I first met Chris Franquemont in 2005 when I went on a tour to weaving villages in the Peruvian Andes. Chris was one of our tour leaders, the quiet one. She made me pay attention, though—she knew so much! The landscape. The cloth. The plants. The customs. Her years of living in the village of Chichero with her late husband, Ed, raising her daughters there, becoming fully integrated into the community, gave her uncommon knowledge and insights—and remarkable true stories.
The tour was sponsored by Andean Textile Arts, the North American support group for the Center for Traditional Textiles of Cusco (CTTC). Chris and I had some discussion then about my starting a publishing program for CTTC. She was interested in natural dye plants; Nilda Callañaupa, the director of CTTC, was interested in documenting the traditional weaving patterns. I was interested in sharing a bit of the magic of Andean weaving with as many people as possible. So books started to happen. Weaving in the Peruvian Highlands: Dreaming Patterns, Weaving Memories came out in 2007, a Spanish-language version of same in 2009, and Textile Traditions of Chinchero: A Living Heritage in 2011, all authored by Nilda.
Faces of Tradition took a while. The idea for a co-authored volume was born in 2010, the massive photoshoot and recorded interviews happened in 2011, Nilda began writing in earnest in 2012, and Chris was still writing important sections in the weeks before we went to press in the summer of this year. It was a wonderful creative collaboration, one of the best I’ve ever experienced. We spent a couple of weeks in Cusco together in the summer of 2012, travelling to one of the villages (where we were introduced as Nilda’s sisters, a relationship I’d be happy to claim); we spent an afternoon in Chinchero, dining with Nilda’s family and visiting some of Chris’s old haunts; we just happened to run into an important community leader from Pitumarca, Timoteo Ccacchta, on the street in Cusco, which led to a lot of fascinating conversation and an unexpected personal profile in the book. We spent hours and hours poring over notes and photo proofs. Much serendipity occurred during that time.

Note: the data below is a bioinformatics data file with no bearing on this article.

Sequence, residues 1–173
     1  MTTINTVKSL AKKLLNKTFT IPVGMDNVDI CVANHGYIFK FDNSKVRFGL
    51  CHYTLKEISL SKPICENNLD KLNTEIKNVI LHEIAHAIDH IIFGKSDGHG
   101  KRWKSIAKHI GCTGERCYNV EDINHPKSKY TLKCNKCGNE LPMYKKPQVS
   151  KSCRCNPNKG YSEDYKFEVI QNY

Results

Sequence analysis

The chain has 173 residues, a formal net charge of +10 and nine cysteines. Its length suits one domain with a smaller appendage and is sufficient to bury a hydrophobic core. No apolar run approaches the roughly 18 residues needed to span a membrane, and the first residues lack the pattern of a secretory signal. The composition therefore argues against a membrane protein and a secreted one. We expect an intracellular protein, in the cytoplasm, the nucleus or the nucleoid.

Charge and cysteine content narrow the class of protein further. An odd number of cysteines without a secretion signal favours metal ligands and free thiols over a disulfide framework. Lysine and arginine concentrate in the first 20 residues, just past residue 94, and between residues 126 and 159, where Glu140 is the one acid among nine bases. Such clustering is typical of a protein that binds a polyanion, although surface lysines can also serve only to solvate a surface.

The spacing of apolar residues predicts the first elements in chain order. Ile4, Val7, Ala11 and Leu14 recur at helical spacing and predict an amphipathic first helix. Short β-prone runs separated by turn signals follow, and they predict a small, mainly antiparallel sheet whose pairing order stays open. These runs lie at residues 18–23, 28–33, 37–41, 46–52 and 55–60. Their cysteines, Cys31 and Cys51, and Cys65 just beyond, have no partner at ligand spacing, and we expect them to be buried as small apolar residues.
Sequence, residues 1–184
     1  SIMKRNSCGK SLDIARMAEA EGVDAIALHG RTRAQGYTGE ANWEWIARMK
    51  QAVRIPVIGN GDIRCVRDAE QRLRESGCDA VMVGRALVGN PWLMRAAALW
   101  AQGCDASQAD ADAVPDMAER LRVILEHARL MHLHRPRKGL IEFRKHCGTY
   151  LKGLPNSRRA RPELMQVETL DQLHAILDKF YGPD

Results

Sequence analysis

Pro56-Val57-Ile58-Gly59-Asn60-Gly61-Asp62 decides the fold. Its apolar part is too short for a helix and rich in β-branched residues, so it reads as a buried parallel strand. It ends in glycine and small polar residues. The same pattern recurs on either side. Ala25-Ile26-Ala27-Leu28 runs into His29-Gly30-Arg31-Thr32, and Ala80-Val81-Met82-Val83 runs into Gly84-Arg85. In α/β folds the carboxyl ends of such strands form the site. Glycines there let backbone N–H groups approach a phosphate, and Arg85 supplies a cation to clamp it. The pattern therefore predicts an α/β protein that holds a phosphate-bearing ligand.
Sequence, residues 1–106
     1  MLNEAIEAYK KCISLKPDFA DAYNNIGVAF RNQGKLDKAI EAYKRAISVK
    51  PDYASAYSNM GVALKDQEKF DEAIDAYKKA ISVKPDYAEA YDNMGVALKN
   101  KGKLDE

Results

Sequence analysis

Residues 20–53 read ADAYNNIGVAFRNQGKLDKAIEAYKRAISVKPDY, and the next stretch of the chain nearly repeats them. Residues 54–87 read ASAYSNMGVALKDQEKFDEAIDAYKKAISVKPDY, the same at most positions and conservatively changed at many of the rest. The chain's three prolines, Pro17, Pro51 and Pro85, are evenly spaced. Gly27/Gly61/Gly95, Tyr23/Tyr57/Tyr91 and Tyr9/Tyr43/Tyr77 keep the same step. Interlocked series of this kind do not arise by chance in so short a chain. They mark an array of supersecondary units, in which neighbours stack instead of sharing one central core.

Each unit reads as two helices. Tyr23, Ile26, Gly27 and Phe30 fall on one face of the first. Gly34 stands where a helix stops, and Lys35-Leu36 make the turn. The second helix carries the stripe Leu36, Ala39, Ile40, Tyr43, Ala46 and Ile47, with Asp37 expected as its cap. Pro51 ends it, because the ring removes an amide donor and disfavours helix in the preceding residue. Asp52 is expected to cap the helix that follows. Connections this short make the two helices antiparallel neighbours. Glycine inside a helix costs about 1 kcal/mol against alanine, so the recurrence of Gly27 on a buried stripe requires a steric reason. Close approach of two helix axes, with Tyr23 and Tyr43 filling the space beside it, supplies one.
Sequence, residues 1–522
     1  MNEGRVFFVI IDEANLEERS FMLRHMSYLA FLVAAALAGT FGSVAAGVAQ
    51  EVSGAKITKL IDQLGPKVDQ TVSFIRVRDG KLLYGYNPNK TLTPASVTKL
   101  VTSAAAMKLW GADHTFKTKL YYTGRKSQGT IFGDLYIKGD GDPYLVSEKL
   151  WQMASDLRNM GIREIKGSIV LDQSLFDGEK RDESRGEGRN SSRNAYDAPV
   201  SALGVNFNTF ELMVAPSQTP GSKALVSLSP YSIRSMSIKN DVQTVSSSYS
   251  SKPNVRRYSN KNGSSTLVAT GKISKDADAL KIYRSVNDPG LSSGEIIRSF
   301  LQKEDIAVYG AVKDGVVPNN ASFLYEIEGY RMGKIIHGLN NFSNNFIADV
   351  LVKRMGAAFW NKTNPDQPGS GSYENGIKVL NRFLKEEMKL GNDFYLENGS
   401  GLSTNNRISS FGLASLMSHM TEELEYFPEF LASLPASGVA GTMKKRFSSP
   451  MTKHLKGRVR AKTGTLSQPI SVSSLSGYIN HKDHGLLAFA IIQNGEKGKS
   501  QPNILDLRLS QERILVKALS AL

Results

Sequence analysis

Whatever came from Chris’s pen (well, word processor actually) contained surprises. She was not given to stock observations or dry facts. She looked for the deeper meaning and the humanity in the lives and habits of the people we represented. And she had the scholar’s patience for combing over and over the pages, finding the glitches and inconsistencies that always happen, especially when you’re dealing with a language that doesn’t have precise spelling rules.
Faces of Tradition launched at a splendid party in Cusco last month. It took place at the Museo Machu Picchu Casa Concha during Tinkuy de Tejedores. Two full galleries were hung with Joe Coca’s stunning portraits, and the courtyard was filled with weavers, visitors, and the Elders we were there to honor. There was music, dancing, toasting, and book signing. Chris missed it by three days. She died unexpectedly in Cusco on November 11. She was honored with a candlelight vigil and burial among the people she had known and loved so well in Chinchero a week later. When events of great celebration and great sadness collide, you realize the weakness of words, but the strength of important relationships that transcend time. Faces of Tradition is an important piece of her large legacy.